It’s always seemed like Shkodran Mustafi lets his heart rule his head. You can see it in the way he breaks rank from the Arsenal back four to lunge at the feet of attackers; in the furious wagging of fingers at his teammates after committing a mistake.
Whether it’s sensible or not, the German acts out of instinct in most scenarios. He’s a reactor, rather than an anticipator. Some of history’s greatest defenders have been, but in an age in which we’re better at predicting football than ever before, it grates Arsenal fans, to say the least, that Mustafi can’t ever seem to read the script.
In the good old days, it was easy for the most disappointing players at your club to slip into the background. Shkodran Mustafi’s Arsenal career, however, has coincided with the continued rise of social media and the idea that all opinions are - if not equal - welcomed by someone, somewhere on the internet. Twitter is no longer just a self-promotion tool for the wealthy - it’s a 24/7 unregulated, unfiltered conversation about anything and everything. And it’s harder than ever to slip into the background of it.
“We’re only human and we can't switch off our brains, it's always going to be there,” Mustafi told the Arsenal website, in his second interview of the season - yes, second - about how he's dealing with public backlash. “Once you've read criticism - good or bad - it's going to stay there.”
Taking social media out of the equation completely, this is an interview that perhaps wouldn’t have happened twenty years ago. Mustafi openly talks of his confidence, the lack of it and the pressures of his job. At a time when the Premier League is trying to encourage a conversation about mental health, one of its most abused players is extremely candid in the way he talks about his vulnerability and how he has relied on his family for support.
Good on him, for that - it’s brave of a Premier League footballer to be so honest. Mustafi should be praised for the interview, but there are still those who believe he should simply “man up” like those before him. That a bit of criticism never hurt anyone. That it’s sticks and stones, or even that it can be fobbed off as “banter”.
Wherever you stand on the criticism of Shkodran Mustafi - wherever you believe it’s justified and he just can’t handle it, or you really feel for the bloke - his take on the issue is reflective of how modern football is changing.
Footballers’ lives are alien to our own. It’s not just in the money they earn - which some use to justify their abuse - but the intensity of their physical demands and the increase of attention. Many players came from poor backgrounds, made further sacrifices in their childhood and adolescence, and now work high-pressure jobs with most of their lives micromanaged - unlike some of us, they can’t exactly kick back and relax after a stressful day with a beer, a cigarette or any other kind of vice, either.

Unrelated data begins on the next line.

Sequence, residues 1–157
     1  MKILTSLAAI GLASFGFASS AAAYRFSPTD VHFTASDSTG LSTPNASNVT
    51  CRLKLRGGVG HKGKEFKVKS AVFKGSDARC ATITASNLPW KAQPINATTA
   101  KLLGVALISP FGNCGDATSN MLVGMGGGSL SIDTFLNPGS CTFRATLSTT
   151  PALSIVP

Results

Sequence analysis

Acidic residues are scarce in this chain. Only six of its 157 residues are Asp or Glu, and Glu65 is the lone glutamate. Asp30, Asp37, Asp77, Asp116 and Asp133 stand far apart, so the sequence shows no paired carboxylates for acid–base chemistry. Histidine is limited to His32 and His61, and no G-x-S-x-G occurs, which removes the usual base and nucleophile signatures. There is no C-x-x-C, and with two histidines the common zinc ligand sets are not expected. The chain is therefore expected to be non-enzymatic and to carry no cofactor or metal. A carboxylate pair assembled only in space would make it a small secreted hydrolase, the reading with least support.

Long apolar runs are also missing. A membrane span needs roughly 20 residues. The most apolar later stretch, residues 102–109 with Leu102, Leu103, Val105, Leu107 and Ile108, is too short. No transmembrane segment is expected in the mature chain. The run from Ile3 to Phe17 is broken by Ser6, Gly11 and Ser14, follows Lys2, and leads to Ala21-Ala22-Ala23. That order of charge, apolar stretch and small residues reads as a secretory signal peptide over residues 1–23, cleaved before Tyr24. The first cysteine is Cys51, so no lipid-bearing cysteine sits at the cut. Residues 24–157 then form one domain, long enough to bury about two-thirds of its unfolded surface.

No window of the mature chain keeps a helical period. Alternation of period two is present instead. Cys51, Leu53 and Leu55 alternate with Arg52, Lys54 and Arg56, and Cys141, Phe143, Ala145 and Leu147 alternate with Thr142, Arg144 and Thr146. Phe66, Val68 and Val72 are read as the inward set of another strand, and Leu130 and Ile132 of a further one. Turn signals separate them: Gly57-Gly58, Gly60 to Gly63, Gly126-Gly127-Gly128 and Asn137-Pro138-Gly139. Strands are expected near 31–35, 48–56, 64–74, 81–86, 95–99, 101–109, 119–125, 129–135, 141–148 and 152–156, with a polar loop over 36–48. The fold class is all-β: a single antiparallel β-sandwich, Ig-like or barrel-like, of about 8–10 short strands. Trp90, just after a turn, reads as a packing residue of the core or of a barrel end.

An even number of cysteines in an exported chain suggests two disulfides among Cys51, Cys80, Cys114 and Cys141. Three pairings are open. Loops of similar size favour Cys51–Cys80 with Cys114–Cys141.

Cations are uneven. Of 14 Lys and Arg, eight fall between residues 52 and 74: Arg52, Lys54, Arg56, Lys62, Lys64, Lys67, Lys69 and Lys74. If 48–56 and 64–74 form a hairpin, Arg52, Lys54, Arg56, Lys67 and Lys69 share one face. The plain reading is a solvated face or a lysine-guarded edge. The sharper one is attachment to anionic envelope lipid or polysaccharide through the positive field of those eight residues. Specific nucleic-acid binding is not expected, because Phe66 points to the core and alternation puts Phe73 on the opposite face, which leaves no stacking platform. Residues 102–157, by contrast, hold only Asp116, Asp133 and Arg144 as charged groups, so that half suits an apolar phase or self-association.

The premise of most mental health campaigns is to affirm that mental health is invisible - that we can’t begin to imagine what others are going through. It’s especially hard to imagine what people go through when their lives are so radically different to our own.
In the past, extreme criticism may have gotten an extra gear out of players who weren’t pulling their weight. Not just from a booing crowd - the hair-dryer treatment was famous at Manchester United. Jose Mourinho made his name at Chelsea for his frankness. Mauricio Pochettino has even talked of a time when his boss, Marcelo Bielsa, tore into his performance and called him "sh*t". Pochettino cried on his drive home, such was the incident, yet he remembers Bielsa fondly. A bit of fear was seen as a good thing.
These days, bollockings are simply not celebrated. Liverpool players instead wax lyrical of how Jurgen Klopp is as much of a friend to them as he is a boss. One of Zinedine Zidane’s best qualities is his ability to convince and persuade. There was talk of how unpopular Mourinho’s attempts to generate friction were at United, replaced by an altogether happier atmosphere when Ole Gunnar Solskjaer arrived with a softer approach. Hell, even Arsenal fans have found first hand how badly booing can go, after directing abuse at Granit Xhaka last autumn.
These players grew up in a different era and have different challenges to their parents. It might not have bothered stars of yesteryear when fans shouted obscenities at them, but that was then - an age when it was so much easier to ignore. It’s plain to see how such abuse would affect a player like Shkodran Mustafi - an extremely emotional player who leads with his heart on the pitch - and that’s just going by what we see of him on the pitch. We have no idea how much fans’ words really hurt him.
We can’t expect to know what it’s like to be a footballer. Mustafi’s interview is a welcome insight into some of the challenges that they face, and perhaps if we could be open to that, it would go some way to understanding why heavily criticising players, online and in grounds, often creates more problems than it solves.
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Mark White has been a staff writer on FourFourTwo since joining in January 2020, writing pieces for both online and the magazine. An encyclopedia of football shirts and boots knowledge – both past and present – Mark has also been to the FA Cup and League Cup finals for FFT and has written pieces for the mag ranging on subjects from Bobby Robson's season at Barcelona to Robinho's career. He once saw Tyrone Mings at a petrol station in Bournemouth but felt far too short to ask for a photo.
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